In an extreme form, this can be heard in Anthony Braxton’s music, his work being less a traditionally oriented or hindward looking eclecticism than a contemporary exploration of strictly musical structural possibilities. (And if there is any truth to the assertion that Barry Tepperman makes elsewhere that Braxton is bringing a new “universality” to the black musical heritage, I imagine it must lie in this.) This aspect of Braxton’s work can be heard most clearly on his latest, and most ambitious, Arista release, Creative Orchestra Music. Other than to indicate its significance, it isn’t necessary to attempt any aesthetic dissection of the music because Braxton’s own structural notations are included on the inner sleeve. What is here, though, are six pieces: two open-ended compositions (one concerned with space and texture, the other with opposite combinations of instruments), a somewhat traditionally constructed piece (rotating points of instrumental reference), a piece for marching band, a piece dealing with weight shifts and attacks, and a composition inspired by Duke Ellington that utilizes in part repetition factors. One can see that Braxton is less concerned with “style” as such than with musical “systems.” Even his most traditionally conceived pieces function that way; that is, they point to musical possibilities that transcend their necessarily constricted stylistic contexts.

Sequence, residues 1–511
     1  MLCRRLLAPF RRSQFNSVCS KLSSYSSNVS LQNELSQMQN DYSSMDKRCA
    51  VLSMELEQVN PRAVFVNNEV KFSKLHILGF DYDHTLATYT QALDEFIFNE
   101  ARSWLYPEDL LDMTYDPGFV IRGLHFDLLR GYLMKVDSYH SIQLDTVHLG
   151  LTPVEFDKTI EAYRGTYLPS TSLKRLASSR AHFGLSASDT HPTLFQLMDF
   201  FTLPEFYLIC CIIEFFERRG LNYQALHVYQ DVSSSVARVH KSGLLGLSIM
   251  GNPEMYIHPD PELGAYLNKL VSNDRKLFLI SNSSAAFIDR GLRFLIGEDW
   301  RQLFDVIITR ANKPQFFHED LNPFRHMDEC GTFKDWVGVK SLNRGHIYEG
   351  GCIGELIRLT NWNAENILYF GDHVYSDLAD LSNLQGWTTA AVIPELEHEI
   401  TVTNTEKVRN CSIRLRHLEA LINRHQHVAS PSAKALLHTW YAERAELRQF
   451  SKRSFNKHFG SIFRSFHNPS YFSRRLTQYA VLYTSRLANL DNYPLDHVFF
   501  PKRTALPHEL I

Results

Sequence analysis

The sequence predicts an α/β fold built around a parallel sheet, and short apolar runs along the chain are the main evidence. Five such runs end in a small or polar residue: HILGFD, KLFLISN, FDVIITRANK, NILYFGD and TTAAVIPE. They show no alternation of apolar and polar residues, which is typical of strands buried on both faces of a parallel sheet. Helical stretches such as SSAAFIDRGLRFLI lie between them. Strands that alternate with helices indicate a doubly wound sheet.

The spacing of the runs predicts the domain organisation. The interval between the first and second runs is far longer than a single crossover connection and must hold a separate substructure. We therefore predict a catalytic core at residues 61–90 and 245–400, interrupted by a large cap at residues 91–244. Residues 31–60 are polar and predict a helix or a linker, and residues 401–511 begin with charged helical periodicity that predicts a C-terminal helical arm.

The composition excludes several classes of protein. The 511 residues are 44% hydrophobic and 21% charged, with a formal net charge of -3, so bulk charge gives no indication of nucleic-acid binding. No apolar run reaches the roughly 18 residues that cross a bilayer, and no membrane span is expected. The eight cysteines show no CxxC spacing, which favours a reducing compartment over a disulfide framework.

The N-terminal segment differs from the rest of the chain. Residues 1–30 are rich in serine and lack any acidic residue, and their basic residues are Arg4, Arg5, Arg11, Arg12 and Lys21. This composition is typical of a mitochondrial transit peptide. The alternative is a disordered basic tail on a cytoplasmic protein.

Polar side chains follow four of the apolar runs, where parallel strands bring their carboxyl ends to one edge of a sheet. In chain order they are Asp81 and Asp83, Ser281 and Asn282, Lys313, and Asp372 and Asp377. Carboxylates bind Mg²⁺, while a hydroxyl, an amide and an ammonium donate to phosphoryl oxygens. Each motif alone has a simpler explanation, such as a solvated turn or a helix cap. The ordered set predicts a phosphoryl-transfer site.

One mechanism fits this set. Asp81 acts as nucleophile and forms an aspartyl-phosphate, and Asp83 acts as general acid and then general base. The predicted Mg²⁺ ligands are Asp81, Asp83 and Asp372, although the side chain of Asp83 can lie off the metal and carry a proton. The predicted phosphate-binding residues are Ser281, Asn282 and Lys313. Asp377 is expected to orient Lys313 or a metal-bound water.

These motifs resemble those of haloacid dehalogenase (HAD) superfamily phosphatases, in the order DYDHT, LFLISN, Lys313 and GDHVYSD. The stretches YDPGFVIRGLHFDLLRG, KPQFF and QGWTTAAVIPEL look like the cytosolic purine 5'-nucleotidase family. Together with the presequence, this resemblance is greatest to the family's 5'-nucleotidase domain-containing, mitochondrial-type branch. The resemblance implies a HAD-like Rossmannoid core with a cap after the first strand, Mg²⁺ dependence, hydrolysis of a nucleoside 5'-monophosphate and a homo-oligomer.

Most interesting to me about Braxton is the manner in which these concerns have come to inform his improvisations in less strictly controlled situations. As is apparent on the records with Derek Bailey (Emanem Records) or as was especially evident in his recent Keystone Korner appearances (reviewed elsewhere), various structural devices (around which whole pieces of his are concerned) pop up all over the place. So that more than anyone else at this time, Braxton seems to have integrated his more directly conceptual concerns into his improvisations, thus showing the manner in which the two can be mutually instructive.